Monday, July 07, 2008

"Nail Soup" Arena: How wise an investment? 

One nice thing about the WEA meetings each year is the high number and high quality of its sessions on the economics of sports. I was happy to catch a beer and a couple of these sessions while there. One (which I missed because of a conflicting session I was involved with) was on the economics of sports facilities. I don't recall if we covered any college facilities in this discussion.

SCSU announced last week that it was going to redesign the National Hockey Center, the building that houses our only Division I program.

St. Cloud State University President Earl H. Potter III last week discussed the preliminary details of a renovation that is scheduled to be completed in the next four years without forcing the university�s hockey team to play elsewhere during the construction.

The Legislature this session allocated $6.5 million for a $14 million renovation. The university then revised its plans to create a more ambitious facility that will �give Central Minnesota something it�s never had before,� Potter said.

He is convening a leadership team to begin raising the $22 million in private dollars needed to complete the project, he said. ...

�It will dramatically change the fan experience and the experience for our student-athletes,� Potter said of the post-renovation building. �We will reposition St. Cloud State in the WCHA, in terms of our ability to attract and compete for the best student-athletes. And it will offer Central Minnesota an entertainment venue and a series of activities that it�s never had before.� ...

He described a facility that would be a small-scale Xcel Energy Center, a complex that puts fans first, emphasizes the history and tradition of St. Cloud State hockey and �reeks of Husky hockey,� he said. A team store would carry Husky merchandise.

The renovation will include accommodations and acoustics to host concerts and other events that require facilities larger than what the St. Cloud area has, he said.

The local newspaper, which has yet to find a public spending project it didn't like, of course gushed over it but with one caveat,

How does such a vision complement (not compete with) plans to expand the St. Cloud Civic Center?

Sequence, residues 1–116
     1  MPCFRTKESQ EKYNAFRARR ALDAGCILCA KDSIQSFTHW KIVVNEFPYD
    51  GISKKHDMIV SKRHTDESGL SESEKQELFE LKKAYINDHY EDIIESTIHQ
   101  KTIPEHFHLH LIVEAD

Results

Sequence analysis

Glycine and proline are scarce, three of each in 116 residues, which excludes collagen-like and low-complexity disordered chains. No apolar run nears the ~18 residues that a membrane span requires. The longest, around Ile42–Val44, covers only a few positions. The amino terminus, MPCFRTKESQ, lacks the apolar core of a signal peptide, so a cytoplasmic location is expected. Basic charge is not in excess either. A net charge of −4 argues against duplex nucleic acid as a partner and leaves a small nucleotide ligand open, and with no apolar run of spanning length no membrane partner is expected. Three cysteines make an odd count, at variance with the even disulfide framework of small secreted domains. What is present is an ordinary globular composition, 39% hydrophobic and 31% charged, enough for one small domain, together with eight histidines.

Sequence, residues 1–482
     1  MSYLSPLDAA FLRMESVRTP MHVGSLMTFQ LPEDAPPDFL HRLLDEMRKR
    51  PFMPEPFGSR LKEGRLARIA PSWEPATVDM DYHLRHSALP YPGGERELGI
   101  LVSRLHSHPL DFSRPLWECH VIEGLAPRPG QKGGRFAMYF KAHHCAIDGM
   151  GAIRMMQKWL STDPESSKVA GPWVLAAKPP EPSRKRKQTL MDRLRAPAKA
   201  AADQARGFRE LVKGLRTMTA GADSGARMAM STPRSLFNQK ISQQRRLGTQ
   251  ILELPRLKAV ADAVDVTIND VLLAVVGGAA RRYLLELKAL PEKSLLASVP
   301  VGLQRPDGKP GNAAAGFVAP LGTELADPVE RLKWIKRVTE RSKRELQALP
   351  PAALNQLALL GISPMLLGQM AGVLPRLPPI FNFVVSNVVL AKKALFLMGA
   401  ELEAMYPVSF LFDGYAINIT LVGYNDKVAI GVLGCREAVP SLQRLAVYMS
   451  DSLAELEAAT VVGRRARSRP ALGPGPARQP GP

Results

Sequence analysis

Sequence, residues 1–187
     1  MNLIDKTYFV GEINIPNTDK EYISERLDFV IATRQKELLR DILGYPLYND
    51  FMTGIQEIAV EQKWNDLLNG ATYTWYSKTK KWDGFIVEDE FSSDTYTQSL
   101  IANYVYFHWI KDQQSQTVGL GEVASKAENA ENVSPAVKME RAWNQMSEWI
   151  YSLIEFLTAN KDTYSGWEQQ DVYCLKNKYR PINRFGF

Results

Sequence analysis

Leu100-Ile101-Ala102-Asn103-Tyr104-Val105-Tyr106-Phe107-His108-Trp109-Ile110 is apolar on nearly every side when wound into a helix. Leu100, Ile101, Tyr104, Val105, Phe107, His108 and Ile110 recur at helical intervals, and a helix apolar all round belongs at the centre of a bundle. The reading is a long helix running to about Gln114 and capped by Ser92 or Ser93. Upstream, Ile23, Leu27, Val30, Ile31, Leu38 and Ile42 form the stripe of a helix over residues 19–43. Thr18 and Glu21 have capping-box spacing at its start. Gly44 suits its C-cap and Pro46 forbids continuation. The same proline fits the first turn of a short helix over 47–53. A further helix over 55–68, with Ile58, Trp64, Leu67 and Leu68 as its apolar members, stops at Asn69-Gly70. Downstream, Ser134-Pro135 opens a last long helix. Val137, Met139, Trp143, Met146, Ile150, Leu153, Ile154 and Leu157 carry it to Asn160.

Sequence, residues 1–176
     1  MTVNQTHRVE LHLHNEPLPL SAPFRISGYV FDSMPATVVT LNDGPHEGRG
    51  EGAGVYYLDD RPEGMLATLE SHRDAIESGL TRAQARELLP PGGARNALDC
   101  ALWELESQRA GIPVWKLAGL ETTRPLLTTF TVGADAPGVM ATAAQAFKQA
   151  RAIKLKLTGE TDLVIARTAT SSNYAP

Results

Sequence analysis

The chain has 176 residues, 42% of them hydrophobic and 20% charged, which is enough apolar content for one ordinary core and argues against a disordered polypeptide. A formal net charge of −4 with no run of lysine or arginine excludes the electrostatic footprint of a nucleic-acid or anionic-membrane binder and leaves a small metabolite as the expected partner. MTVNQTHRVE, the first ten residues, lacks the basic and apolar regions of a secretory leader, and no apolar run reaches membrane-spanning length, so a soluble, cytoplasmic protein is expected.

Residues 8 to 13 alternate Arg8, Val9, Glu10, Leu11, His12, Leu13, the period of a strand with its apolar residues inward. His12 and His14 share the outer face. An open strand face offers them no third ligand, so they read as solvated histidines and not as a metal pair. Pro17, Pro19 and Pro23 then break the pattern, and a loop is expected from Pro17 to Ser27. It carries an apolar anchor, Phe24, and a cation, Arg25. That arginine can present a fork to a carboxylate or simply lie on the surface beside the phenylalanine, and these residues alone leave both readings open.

Remember, city officials are making steady (albeit slow) progress on a publicly funded $30 million expansion there. So how will these separate plans work in concert (no pun intended) and bolster the area�s appeal not just to hockey fans, but other venues in need of large spaces?

You might think that perhaps we could choose between them, since expanding the Civic Center is not expected to use private dollars. Those folks have been campaigning hard for more state bonding money and are likely to come back to the local government to get tax dollars as well. If SCSU can raise the money privately, isn't that better? My guess is that you'd have all three venues for concerts -- the Paramount Theater (under 1000 seats); the Civic Center, which I think will come in at no more than 2500 and for which even at that size parking will be very tight; and the NHC which has ample parking used during the daytime for students, and which as expanded might hold 7000. Does a metro area of 100,000 (160,000 if you count everything in Stearns County out to Sauk Center and everything in Benton County past Foley) need three such venues?

But the more basic question for St. Cloud State is what the value is in this investment. This week's Chronicle of Higher Education (temp link for non subscribers) highlights the questionable nature of investment small schools make in athletic facilities by studying a set of D-III schools in Pennsylvania that are shelling out more than $20 million each for new facilities.

Mr. [John A.] Fry, president of Franklin & Marshall, says the building frenzy has made all levels of college sports more professional, though he expressed concern that money is sometimes siphoned away from academic projects for sports.

"It's fair to say there is a bit of an arms race in Division III," he says. "You see a lot more spending on athletics, and you wonder if that's the highest and best use of those dollars."

The competition is for athletes, and many of the donors we are seeking for the NHC will be people who support athletics first and foremost. More money brings better student-athletes, and given the competitive nature of the NHC, those donors are going to want to build something that they think will attract better players than other arenas in the WCHA.

Does it help academics at the university? There the evidence is less clear. The most important item in driving academic donations appears to be television appearances, not winning championships. (Grimes and Chressanthis [1994]) Given the low viewership of college hockey, I would think it more likely a donor campaign for NHC construction works as a substitute rather than a complement to academic fundraising. All the results that suggest complementary focus on D-I basketball and football. There's a case to be made for the uniqueness of college hockey in Minnesota (the state of hockey! we're told) but I don't believe it.

BTW, nail soup. It's a variation of the stone soup story that progressives have now turned into some fable. (There's a lunch group on campus that uses this name. Or at least used to be.) I like the Swedish version better. This is the second time the university has dared to think bigger about a facility on campus. If the administration succeeds in both fundraising efforts, it's a big deal for us -- we haven't seen that around here since the first building of NHC.

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